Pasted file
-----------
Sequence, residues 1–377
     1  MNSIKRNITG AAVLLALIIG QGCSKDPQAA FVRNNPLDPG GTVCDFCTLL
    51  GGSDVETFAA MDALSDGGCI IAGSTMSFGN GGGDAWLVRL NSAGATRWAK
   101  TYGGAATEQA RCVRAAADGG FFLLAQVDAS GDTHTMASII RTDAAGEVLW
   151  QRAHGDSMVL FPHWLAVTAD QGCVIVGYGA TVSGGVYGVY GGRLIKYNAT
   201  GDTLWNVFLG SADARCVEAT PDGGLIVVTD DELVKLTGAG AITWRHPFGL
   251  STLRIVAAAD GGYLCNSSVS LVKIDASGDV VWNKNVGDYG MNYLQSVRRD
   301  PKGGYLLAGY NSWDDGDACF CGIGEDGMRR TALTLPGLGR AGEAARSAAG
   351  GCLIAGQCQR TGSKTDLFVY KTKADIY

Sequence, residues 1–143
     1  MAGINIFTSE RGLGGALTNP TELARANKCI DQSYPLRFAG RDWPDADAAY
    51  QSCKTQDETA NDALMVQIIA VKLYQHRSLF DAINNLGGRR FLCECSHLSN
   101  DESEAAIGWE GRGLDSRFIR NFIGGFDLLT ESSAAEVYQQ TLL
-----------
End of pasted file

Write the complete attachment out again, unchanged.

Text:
Sequence, residues 1–377
     1  MNSIKRNITG AAVLLALIIG QGCSKDPQAA FVRNNPLDPG GTVCDFCTLL
    51  GGSDVETFAA MDALSDGGCI IAGSTMSFGN GGGDAWLVRL NSAGATRWAK
   101  TYGGAATEQA RCVRAAADGG FFLLAQVDAS GDTHTMASII RTDAAGEVLW
   151  QRAHGDSMVL FPHWLAVTAD QGCVIVGYGA TVSGGVYGVY GGRLIKYNAT
   201  GDTLWNVFLG SADARCVEAT PDGGLIVVTD DELVKLTGAG AITWRHPFGL
   251  STLRIVAAAD GGYLCNSSVS LVKIDASGDV VWNKNVGDYG MNYLQSVRRD
   301  PKGGYLLAGY NSWDDGDACF CGIGEDGMRR TALTLPGLGR AGEAARSAAG
   351  GCLIAGQCQR TGSKTDLFVY KTKADIY

Sequence, residues 1–143
     1  MAGINIFTSE RGLGGALTNP TELARANKCI DQSYPLRFAG RDWPDADAAY
    51  QSCKTQDETA NDALMVQIIA VKLYQHRSLF DAINNLGGRR FLCECSHLSN
   101  DESEAAIGWE GRGLDSRFIR NFIGGFDLLT ESSAAEVYQQ TLL